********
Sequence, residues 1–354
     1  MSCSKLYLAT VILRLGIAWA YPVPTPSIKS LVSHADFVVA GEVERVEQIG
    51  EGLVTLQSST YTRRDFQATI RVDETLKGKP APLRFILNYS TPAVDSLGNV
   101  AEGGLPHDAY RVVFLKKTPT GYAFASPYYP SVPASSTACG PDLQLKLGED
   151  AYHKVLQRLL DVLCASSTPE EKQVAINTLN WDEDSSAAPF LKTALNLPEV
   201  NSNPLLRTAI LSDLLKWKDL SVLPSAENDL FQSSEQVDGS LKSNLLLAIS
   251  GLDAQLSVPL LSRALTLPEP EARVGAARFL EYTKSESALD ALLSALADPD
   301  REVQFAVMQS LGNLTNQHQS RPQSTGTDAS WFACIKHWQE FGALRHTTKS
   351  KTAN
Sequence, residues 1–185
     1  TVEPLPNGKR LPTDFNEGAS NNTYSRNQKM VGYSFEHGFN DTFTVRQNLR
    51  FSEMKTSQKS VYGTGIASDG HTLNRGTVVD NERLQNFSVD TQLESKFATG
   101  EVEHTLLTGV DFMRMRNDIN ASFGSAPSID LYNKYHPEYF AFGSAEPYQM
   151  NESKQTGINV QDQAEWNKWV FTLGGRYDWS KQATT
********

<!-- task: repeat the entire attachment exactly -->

Sequence, residues 1–354
     1  MSCSKLYLAT VILRLGIAWA YPVPTPSIKS LVSHADFVVA GEVERVEQIG
    51  EGLVTLQSST YTRRDFQATI RVDETLKGKP APLRFILNYS TPAVDSLGNV
   101  AEGGLPHDAY RVVFLKKTPT GYAFASPYYP SVPASSTACG PDLQLKLGED
   151  AYHKVLQRLL DVLCASSTPE EKQVAINTLN WDEDSSAAPF LKTALNLPEV
   201  NSNPLLRTAI LSDLLKWKDL SVLPSAENDL FQSSEQVDGS LKSNLLLAIS
   251  GLDAQLSVPL LSRALTLPEP EARVGAARFL EYTKSESALD ALLSALADPD
   301  REVQFAVMQS LGNLTNQHQS RPQSTGTDAS WFACIKHWQE FGALRHTTKS
   351  KTAN
Sequence, residues 1–185
     1  TVEPLPNGKR LPTDFNEGAS NNTYSRNQKM VGYSFEHGFN DTFTVRQNLR
    51  FSEMKTSQKS VYGTGIASDG HTLNRGTVVD NERLQNFSVD TQLESKFATG
   101  EVEHTLLTGV DFMRMRNDIN ASFGSAPSID LYNKYHPEYF AFGSAEPYQM
   151  NESKQTGINV QDQAEWNKWV FTLGGRYDWS KQATT